USDA to buy up to $119.5 million in Alaska sockeye and groundfish

Alaska processors are benefiting from a USDA program that allows the federal government to purchase U.S.-harvested seafood to distribute through federal assistance programs.

The USDA is buying up to $119.5 million in Alaska sockeye and groundfish, mostly pollock.

In March, Alaska’s Congressional delegation sent a letter to the Secretary of Agriculture Tom Vilsak urging him to consider a request by the Alaska Seafood Marketing Institute to increase the supply of high-quality protein to food-insecure Americans through USDA’s Section 32 program.

“The hardworking men and women of the Alaska pollock and salmon sectors are ready and able to supply large volumes of protein to meet the needs of millions of food insecure individuals. At the same time, coastal communities in Alaska and thousands of Alaskan small businesses and their associated fishing families will benefit,” the letter stated.

While the bid has not been formally posted on the USDA site, it reportedly includes up to $37.5 million in canned sockeye; up to $30 in sockeye fillets; and up to $52 million in Pacific groundfish.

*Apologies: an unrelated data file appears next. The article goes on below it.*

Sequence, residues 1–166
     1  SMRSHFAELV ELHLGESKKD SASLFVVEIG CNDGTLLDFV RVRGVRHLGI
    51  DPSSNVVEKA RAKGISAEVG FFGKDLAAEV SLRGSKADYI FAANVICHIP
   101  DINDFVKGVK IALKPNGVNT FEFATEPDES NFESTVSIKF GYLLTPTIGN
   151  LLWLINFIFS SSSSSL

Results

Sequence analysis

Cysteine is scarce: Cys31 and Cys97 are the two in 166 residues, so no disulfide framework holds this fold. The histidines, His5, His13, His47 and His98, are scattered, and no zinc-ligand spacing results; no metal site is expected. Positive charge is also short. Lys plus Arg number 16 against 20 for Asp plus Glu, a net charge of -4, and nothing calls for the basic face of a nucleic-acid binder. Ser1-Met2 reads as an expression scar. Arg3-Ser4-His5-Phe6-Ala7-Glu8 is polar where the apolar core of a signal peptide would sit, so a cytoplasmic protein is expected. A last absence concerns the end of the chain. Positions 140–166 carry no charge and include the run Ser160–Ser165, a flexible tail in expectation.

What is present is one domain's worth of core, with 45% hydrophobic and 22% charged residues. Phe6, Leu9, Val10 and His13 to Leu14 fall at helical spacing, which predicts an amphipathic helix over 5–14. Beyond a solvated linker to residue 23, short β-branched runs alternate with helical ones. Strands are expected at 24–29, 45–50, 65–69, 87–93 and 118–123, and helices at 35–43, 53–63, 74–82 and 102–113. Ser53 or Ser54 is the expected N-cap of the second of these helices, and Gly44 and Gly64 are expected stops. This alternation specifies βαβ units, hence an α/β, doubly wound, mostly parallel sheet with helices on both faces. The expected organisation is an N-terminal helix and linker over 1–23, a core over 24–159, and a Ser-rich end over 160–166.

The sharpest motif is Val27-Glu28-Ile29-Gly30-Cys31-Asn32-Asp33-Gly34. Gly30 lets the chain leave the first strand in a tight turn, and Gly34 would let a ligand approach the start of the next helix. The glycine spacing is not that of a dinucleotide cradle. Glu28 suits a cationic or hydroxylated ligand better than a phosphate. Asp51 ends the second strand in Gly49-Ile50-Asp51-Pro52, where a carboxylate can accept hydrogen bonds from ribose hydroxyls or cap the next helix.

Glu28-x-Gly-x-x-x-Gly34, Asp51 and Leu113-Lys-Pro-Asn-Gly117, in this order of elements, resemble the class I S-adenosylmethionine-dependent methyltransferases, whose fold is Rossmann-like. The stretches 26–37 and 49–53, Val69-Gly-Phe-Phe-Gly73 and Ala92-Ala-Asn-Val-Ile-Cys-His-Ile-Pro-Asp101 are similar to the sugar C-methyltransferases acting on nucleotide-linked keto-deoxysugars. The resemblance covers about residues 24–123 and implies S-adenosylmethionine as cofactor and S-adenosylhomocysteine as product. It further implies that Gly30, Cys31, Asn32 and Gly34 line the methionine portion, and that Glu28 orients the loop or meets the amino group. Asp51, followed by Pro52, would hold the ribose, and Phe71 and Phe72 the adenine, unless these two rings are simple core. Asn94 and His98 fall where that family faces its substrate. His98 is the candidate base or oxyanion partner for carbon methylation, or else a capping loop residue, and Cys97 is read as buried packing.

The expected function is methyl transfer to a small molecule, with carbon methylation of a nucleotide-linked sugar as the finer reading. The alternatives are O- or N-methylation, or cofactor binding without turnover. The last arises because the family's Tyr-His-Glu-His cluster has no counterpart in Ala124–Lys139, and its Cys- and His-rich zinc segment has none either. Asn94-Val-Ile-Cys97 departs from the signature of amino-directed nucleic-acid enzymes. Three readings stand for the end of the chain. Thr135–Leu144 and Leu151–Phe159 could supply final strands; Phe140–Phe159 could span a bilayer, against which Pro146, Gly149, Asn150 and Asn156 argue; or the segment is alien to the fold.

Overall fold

That is a change from the usual USDA purchases of Alaska seafood for food assistance programs; generally the agency buys lower-end Alaska seafood products such as canned pink salmon.

It comes at a time when the markets appear uncertain as to the effect of the 2022 record harvest of Bristol Bay sockeye salmon, especially at a time of higher inflation that has many people cutting back on what some consider luxury items and are leaning more toward cheaper proteins.

The Bristol Bay run is anticipated to be strong next year, with a harvest of around 38 million sockeye, but that pales in comparison to the 60 million fish harvest last year. However, because of the year classes involved the 2023 fish are expected to be larger than the 2022 run, which averaged 5.1 pounds per fish. The 20-year average is 5.6 pounds. Bigger fish means bigger fillets which means better recovery, the amount of saleable meat from each fish.

Last year Bristol Bay fishermen were paid $1.15 per pound before bonuses for ice and bleeding; in 2021 the price was $1.25.

The size of the Bristol Bay return dictates much of the prices paid for sockeye salmon around the state, with the possible exception of the first few openings in the Copper River fishery, which starts with much fanfare and hype as the first fresh salmon on the market. Having a glut of sockeye in the freezers before the season opens does not bode well for anyone, so having the USDA take a bunch off the market is undoubtedly welcome.

Cristy Fry can be reached at